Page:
Friday, December 02, 2005

Execution Nguyen

So its been done. Nguyen was hung on 2nd Dec Morning. I spoke to many Singaporeans and these are some quotes:

1) It's about time.
2) He deserved it.
3) Walau, everybody knows drug trafficking in SG is death what! Even the plane announce so clearly.
4) You know the amount of drugs he carry can harm how many people?

Ok. The 4th response was probably the strongest to supporting the death sentence in SG. I do not deny how true that statement is. Drugs has destroyed many people's lives and governments all over the world work hard to stop its proliferation. SG just has a harsher, tougher stance on the issue. Death is the result, and it doesn't matter how u get associated by it.

But the first 3 kind of responses are the reason people from other countries see Singapore as unfeeling, inflexible and arrogant. I say Singaporeans are calling for his blood, and many claim I am being too exaggerating. But given the kind of tone that we carry with the statements made, is it not true? And I believe, a certain amount of pride has to do with all this. A nation under scrutiny, will rebel and stand up against the attacks. Maybe if Australian media did not come down so harsh with its criticism on Singapore, the Singaporeans wouldn't have behaved so "unfeelingly".

I do wonder, if the SG government should "reverse" its stands and provide clemency for Nguyen, would the nation balked at the leaders calling them double standards? Or would the people still stand by the decisions of the leaders? Of course these are just speculation. I always see Singaporeans as not having a mind of their own, always following what the government says and decide. So I would always imagine "what if" scenarios happening.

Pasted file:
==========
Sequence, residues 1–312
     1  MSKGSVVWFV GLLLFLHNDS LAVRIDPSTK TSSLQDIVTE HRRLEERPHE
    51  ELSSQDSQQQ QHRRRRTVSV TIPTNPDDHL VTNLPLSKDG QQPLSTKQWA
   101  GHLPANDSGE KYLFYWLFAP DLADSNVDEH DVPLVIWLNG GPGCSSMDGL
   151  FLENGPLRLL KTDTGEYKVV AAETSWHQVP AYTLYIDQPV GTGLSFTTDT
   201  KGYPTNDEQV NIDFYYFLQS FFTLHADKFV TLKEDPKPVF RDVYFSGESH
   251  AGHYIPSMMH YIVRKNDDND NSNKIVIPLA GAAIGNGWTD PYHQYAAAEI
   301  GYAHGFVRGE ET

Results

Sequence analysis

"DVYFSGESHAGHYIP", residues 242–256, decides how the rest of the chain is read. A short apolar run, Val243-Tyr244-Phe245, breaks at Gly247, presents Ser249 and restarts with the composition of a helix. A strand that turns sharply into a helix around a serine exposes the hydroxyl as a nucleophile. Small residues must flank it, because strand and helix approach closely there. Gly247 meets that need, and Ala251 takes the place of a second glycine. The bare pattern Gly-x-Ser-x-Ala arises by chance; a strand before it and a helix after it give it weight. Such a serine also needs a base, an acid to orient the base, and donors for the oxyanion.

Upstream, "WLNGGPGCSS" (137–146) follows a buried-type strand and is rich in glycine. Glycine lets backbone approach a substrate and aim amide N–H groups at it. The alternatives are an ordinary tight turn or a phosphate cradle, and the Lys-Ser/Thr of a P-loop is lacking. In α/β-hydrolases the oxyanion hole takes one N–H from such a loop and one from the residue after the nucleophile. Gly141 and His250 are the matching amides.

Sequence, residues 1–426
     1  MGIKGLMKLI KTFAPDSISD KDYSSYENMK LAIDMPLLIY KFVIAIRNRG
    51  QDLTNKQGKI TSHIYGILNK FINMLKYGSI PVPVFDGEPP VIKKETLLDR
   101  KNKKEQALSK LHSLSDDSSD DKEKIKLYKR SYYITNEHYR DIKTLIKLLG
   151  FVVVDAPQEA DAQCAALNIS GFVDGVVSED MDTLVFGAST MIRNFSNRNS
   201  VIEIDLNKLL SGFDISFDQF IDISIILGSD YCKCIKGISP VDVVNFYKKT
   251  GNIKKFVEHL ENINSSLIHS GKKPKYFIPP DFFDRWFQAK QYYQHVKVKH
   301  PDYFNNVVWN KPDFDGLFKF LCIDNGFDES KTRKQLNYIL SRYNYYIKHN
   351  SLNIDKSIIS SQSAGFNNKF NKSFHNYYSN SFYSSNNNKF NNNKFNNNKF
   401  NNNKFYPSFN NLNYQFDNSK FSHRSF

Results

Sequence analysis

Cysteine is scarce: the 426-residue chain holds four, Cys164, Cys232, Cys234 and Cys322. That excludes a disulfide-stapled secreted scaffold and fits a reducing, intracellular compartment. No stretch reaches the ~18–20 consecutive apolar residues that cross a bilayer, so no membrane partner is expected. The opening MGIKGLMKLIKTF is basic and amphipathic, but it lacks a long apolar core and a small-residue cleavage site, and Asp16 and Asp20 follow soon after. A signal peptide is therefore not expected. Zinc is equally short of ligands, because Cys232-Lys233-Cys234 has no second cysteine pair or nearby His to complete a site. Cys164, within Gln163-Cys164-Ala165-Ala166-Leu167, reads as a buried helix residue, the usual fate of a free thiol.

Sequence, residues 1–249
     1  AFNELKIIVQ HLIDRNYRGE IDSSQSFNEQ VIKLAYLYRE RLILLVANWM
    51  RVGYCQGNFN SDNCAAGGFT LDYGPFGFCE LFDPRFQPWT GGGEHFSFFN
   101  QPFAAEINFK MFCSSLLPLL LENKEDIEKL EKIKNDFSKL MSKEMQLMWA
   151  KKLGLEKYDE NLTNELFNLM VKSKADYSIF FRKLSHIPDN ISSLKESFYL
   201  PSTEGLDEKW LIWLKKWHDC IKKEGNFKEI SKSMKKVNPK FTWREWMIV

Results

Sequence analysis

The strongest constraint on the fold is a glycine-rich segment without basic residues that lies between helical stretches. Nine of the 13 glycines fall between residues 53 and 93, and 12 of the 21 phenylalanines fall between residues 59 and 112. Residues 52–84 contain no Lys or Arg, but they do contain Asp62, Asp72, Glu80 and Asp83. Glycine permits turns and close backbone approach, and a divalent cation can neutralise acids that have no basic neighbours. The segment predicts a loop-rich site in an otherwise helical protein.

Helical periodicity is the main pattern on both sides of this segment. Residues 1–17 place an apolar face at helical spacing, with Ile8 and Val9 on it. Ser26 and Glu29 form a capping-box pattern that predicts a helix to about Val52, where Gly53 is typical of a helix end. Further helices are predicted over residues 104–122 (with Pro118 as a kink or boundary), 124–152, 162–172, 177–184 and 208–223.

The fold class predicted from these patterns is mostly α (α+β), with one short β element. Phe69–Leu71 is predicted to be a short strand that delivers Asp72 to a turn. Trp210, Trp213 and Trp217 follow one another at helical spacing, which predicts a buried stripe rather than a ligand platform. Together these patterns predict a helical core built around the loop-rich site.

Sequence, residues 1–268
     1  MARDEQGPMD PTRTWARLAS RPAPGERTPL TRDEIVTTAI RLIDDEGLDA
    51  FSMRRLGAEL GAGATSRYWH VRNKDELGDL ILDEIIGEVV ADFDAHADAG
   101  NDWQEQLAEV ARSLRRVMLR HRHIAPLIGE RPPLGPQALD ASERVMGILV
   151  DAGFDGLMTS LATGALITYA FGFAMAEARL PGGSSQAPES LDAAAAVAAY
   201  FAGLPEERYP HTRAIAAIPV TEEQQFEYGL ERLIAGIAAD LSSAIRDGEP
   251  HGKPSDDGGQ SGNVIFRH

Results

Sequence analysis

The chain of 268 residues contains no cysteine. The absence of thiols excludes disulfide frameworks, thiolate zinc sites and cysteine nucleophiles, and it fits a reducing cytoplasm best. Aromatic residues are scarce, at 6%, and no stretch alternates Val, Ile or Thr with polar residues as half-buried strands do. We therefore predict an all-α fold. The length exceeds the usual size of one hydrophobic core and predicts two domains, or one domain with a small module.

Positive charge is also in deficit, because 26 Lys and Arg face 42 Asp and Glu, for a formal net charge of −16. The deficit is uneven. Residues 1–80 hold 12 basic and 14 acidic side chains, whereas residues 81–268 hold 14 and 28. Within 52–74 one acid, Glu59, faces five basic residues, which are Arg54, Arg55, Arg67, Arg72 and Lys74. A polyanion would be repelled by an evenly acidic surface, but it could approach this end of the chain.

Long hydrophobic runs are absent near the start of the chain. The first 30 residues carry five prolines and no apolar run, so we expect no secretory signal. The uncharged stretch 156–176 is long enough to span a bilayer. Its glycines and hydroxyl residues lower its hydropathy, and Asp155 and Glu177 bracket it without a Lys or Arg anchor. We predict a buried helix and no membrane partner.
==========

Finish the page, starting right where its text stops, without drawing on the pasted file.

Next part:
I am not a proponent for "Death penalty". I do not see it as a means to any end. But of course this is my opinion. Readers who do not agree with me please do not bother to comment on this. I do not wish to partake in arguments about "who's gonna pay for feeding these murderers?", "let's see if your mother is murdered" or stuffs like that. I've heard enough of such arguments. At the same time they are valid, I do not feel that they invalidate my own stand. I treasure life too much to see more lives being destroyed for any causes. Maybe for drugs, other than using death penalty as the only way to deter drug trafficking, we should develop some sort of magic formula that can cure addiction? Just wishful thinking ...

"An eye for an eye makes the whole world blind. Unless you have three eyes. Then you'll probably be alright."